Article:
Once upon a time, two young men (just boys really) went rallying, each with the hopes and the talent to make it to the top of the world's sport. One succeeded and the other didn't quite.
Both were quick, one a bit more flamboyant and reckless than the other who had a more considered approach, but on their day just as quick as each other. Both started on trials motor cycles, went to the same school, came from the same town in Scotland and had the same ambition, but only one became World Rally Champion.
In fact there were quite a few Scottish youngsters around the mid 1980s who could have made a bigger 'impact' on the sport including the likes of Dom Buckley Jnr and Callum Guy who both got a chance at 'works' drives, but failed to progress. Not because they didn't have the speed or the talent but because there just seemed to be an awfy lot of Scottish drivers around at the same time.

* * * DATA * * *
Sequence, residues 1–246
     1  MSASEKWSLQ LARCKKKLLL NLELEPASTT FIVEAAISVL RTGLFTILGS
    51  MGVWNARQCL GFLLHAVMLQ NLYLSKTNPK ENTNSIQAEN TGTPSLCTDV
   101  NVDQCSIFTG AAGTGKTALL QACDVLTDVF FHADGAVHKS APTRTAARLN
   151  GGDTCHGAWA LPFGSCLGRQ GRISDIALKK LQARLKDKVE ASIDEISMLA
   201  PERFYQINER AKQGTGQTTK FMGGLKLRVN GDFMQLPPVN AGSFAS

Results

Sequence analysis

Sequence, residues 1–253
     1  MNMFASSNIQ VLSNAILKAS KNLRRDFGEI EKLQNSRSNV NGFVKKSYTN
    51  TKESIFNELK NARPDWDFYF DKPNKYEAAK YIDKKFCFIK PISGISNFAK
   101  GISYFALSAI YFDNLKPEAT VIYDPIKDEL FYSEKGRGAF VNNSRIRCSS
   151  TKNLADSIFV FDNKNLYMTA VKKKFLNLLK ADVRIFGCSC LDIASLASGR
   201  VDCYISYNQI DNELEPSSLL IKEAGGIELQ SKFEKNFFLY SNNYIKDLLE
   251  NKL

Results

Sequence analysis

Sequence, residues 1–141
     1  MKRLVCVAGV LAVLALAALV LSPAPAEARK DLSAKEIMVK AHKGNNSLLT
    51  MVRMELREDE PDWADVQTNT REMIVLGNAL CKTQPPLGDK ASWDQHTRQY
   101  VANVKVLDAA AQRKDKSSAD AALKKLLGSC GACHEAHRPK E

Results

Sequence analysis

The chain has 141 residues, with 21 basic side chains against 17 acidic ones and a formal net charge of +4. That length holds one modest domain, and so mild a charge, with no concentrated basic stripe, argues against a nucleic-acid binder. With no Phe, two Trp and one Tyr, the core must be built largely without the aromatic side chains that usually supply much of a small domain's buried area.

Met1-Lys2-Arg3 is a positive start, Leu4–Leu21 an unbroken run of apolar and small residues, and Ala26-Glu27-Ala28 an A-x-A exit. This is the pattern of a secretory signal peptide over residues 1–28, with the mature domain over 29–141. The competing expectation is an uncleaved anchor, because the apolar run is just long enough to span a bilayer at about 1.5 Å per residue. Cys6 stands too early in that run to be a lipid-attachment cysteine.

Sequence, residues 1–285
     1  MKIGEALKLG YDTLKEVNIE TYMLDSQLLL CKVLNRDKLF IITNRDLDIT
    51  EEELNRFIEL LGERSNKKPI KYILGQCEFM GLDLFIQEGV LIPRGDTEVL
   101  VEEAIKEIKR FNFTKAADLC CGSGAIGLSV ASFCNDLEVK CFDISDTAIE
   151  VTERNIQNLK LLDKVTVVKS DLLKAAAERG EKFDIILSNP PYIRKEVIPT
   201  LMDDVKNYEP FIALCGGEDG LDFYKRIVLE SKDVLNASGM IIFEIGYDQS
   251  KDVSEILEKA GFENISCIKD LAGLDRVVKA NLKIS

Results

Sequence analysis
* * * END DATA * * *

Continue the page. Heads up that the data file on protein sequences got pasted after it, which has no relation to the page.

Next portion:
This was the time when team managers cast their eyes abroad first, especially to Scandinavia, before looking at home grown talent. The same 'disease' afflicted English, Welsh and North Irish rallying. There was often only room at the top for one home-grown nationality, and the 'works' driver situation has only got worse since as manufacturer involvement has been reduced and there are many fewer private 'professional' teams.
Anyway, back to to-day's topic. A bit of light entertainment in these enforced incarcerated, but tranquil, times.
Way back in 2005, my Big Pal Jaggy interviewed one of those 'lost talents'. He didn't make the World series, but he had quite a successful and enviable career at national and international level including regular outings in South Africa and a bit of TV and Radio punditry before calling it a day and getting himself a 'proper' job.
His name is Robbie Head, and he chatted to Jaggy ahead of the 2005 Speyside Stages Rally.
The full interview, just as it was, has been reproduced here in the on-line mag: